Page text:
By Mary Lee
This is a personal reaction to the man, based solely on his appearance on the joint ministerial panel announcing details of the Covid-19 “circuit-breaker” last week. Education Minister Ong Ye Kung was reportedly one of the frontrunners likely to succeed Lee Hsien Loong as Prime Minister (alongside current deputy Heng Swee Keat, Chan Chun Sing and Lawrence Wong).
However, attractive as Ong may be as a candidate, he wasn’t as assertive as Heng, who is clearly ready to take over from Lee. In which case, I hope he isn’t given the deputy’s position. (He won’t be able to shine there!) Maybe he could serve — after he adds to his score as Education Minister by establishing home-based learning as an integral aspect of Singapore education — ensuring a more vital role for parents (whatever their educational background, all adults can contribute to a child’s knowledge) and/or tutors.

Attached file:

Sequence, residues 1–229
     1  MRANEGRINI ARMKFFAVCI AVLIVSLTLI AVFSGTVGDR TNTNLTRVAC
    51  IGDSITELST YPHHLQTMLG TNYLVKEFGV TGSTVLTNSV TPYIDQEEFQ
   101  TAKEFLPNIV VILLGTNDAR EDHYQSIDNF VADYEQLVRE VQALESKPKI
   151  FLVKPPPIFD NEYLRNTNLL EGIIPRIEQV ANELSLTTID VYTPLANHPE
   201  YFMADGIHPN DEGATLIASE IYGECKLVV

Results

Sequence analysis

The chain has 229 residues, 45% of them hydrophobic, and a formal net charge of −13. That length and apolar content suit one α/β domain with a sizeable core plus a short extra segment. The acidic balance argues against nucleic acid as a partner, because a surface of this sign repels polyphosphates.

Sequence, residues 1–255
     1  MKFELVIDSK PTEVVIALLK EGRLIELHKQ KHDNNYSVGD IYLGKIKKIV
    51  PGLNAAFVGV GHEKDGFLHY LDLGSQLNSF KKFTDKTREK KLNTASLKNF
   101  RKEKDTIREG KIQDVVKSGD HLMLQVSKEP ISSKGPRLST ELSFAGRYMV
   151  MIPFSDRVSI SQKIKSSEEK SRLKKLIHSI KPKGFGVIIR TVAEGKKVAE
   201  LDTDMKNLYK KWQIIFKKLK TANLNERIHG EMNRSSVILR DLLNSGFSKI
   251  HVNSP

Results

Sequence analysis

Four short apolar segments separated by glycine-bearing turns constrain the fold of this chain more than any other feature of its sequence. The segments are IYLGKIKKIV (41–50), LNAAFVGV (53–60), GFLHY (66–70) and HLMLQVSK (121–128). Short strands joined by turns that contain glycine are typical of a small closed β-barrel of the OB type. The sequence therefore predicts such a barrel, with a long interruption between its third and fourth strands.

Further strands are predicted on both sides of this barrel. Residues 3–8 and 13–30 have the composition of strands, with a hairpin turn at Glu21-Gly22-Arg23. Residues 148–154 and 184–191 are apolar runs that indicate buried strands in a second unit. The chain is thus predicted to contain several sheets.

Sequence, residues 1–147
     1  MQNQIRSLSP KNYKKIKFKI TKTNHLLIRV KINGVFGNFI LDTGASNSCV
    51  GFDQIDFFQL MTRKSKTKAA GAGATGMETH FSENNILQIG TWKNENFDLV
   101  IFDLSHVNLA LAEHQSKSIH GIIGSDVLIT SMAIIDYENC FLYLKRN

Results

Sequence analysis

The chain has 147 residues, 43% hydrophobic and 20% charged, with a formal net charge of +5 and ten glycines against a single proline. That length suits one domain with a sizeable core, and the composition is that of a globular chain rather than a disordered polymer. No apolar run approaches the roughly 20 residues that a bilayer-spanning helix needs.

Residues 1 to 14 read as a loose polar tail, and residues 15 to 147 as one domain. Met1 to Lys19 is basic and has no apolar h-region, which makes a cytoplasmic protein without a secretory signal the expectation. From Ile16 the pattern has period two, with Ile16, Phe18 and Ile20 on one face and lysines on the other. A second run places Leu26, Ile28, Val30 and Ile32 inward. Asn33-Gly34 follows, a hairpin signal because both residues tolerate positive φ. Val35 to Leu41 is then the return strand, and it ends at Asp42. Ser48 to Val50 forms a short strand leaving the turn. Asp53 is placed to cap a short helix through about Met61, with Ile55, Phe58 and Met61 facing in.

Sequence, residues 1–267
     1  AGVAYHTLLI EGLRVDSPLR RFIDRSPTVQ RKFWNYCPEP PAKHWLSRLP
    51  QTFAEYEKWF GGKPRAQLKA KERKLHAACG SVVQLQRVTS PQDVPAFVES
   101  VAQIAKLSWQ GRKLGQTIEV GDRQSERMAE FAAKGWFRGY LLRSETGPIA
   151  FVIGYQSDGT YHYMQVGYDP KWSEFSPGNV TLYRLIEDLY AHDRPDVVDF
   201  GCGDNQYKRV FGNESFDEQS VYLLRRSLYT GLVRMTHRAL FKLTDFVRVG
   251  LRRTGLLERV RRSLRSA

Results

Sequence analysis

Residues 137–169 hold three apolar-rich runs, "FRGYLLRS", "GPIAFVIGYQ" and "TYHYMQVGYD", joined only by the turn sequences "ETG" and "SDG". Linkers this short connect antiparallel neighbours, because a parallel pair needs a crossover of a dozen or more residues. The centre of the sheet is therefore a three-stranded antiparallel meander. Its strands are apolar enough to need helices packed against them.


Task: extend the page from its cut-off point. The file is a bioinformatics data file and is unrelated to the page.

He hasn’t been in the Cabinet long, having lost in 2011 to the Workers’ Party when he ran under George Yeo. Clearly, in that general election, Lee Kuan Yew’s presence at a rally was over-powering and unhelpful. He was given the Sembawang GRC in 2015, led by Foreign Minister K. Shanmugam, but unfortunately he represents Gambas district, not mine — Yishun.
He has held posts in Defence, Finance and Trade and Industry ministries. Education gives him fertile ground to prove his leadership — and show what he learnt from his father, Ong Lian Teng, who was in the Barisan Sosialis before he was born. He said his father, who passed away in 2009, supported his entry into the PAP.
It remains to be seen if the People’s Action Party will give room to any of its potential leaders to elbow his way to the front. If it does, I hope Ong will use his Education Ministry to cultivate support for himself. Why not? Teachers and parents constitute a significant portion of the electorate! However, if he remains in his Gambas ward in Sembawang, he will probably be returned in either walkover or a strong majority for the GRC team, so I wonder if it is a matter of actual voter appeal, the party may have to turn to social media to find who among the four (Heng included) is the most popular leader!
The views expressed here are those of the author/contributor and do not necessarily represent the views of The Independent Singapore. /TISG